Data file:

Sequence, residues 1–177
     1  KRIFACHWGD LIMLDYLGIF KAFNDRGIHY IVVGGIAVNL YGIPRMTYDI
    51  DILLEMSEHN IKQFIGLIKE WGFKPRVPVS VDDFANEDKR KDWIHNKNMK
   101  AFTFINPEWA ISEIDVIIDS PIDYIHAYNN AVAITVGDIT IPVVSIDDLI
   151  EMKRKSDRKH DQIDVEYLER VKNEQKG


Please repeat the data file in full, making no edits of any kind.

Sequence, residues 1–177
     1  KRIFACHWGD LIMLDYLGIF KAFNDRGIHY IVVGGIAVNL YGIPRMTYDI
    51  DILLEMSEHN IKQFIGLIKE WGFKPRVPVS VDDFANEDKR KDWIHNKNMK
   101  AFTFINPEWA ISEIDVIIDS PIDYIHAYNN AVAITVGDIT IPVVSIDDLI
   151  EMKRKSDRKH DQIDVEYLER VKNEQKG